Over the past two weeks, working people have become infected with the coronavirus almost twice as often as the rest of the population in Belgium, shows a new report from the KU Leuven.
A report published by the GEMS expert group shows that the incidence rate for the working population was 2,933 confirmed infections per 100,000 people between 28 December and 11 January, compared to 1,574 cases for the rest of the population.
The large difference is partially explained by the fact that a number of activities for non-working people were suspended during those two weeks, while children had Christmas holidays and university students were studying for their exams.
The report shows a clear “Christmas effect,” professor of occupational medicine Lode Godderis (KU Leuven) told De Morgen: in sectors that revolve around leisure activities, a strong increase in infection rates was recorded. The incidence in the aviation sector (5,860 cases/100,000) was almost double that for the rest of the working population.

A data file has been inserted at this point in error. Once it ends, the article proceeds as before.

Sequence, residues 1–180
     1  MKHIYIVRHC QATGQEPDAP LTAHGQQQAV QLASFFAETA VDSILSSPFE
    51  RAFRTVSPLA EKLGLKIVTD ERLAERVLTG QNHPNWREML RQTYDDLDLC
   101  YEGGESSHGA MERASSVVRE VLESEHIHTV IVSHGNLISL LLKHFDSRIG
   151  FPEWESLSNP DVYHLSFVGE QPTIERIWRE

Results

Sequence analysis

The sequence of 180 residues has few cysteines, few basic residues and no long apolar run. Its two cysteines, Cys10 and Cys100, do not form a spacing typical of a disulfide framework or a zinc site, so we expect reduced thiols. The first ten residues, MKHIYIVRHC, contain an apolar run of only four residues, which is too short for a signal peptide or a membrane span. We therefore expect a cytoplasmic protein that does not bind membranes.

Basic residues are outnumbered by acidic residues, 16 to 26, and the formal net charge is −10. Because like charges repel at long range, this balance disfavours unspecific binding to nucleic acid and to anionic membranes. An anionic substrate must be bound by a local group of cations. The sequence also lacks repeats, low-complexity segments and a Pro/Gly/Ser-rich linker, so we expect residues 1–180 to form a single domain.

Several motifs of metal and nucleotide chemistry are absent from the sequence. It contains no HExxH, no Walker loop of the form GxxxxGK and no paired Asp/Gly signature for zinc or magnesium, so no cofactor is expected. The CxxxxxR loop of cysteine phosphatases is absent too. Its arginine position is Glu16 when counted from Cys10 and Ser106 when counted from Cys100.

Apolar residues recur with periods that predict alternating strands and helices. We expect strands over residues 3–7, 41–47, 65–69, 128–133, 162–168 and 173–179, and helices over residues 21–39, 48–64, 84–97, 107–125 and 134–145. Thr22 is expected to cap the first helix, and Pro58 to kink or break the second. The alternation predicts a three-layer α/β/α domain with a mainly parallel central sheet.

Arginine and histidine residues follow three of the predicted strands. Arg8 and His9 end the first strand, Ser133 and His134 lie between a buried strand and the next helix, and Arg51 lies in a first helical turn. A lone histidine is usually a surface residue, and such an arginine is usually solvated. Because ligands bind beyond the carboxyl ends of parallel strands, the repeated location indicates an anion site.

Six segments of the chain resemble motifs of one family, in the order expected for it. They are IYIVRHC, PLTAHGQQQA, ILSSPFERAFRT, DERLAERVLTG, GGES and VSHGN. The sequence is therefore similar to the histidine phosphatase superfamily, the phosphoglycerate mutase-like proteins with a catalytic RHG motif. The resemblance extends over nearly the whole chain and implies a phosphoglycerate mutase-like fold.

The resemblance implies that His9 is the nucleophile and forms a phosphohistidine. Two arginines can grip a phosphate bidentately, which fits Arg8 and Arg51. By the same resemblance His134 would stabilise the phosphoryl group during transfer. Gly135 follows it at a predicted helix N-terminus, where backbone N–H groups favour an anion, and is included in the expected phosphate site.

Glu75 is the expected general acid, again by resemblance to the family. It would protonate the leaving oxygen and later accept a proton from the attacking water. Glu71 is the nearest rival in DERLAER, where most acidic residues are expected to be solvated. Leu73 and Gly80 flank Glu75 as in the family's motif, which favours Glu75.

A higher incidence than in the rest of society was also recorded in hotels and bars, as well as in the sports and culture sector and in retail, the report shows.
“That in itself is not surprising. If there is more economic activity in a sector, we can also expect the infection rates to rise there,” Godderis said, emphasising that the figures do not show where exactly someone was infected, which he said often happens in the private sphere.
The report also shows that quite a large number of people working in sectors where teleworking is possible, such as architects, accountants and people working in finance, still got infected. “This shows that it remains important to focus on teleworking. Otherwise, there is a risk of more staff downtime and companies may shut down or have difficulty operating,” Godderis said.